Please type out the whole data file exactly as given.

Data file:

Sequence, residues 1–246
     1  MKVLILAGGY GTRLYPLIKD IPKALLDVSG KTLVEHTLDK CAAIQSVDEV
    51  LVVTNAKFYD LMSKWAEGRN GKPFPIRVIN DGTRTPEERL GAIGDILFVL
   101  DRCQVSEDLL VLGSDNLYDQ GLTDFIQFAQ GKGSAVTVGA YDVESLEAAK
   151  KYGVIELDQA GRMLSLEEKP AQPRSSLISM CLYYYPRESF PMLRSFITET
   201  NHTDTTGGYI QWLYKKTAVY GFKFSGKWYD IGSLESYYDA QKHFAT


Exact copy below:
Sequence, residues 1–246
     1  MKVLILAGGY GTRLYPLIKD IPKALLDVSG KTLVEHTLDK CAAIQSVDEV
    51  LVVTNAKFYD LMSKWAEGRN GKPFPIRVIN DGTRTPEERL GAIGDILFVL
   101  DRCQVSEDLL VLGSDNLYDQ GLTDFIQFAQ GKGSAVTVGA YDVESLEAAK
   151  KYGVIELDQA GRMLSLEEKP AQPRSSLISM CLYYYPRESF PMLRSFITET
   201  NHTDTTGGYI QWLYKKTAVY GFKFSGKWYD IGSLESYYDA QKHFAT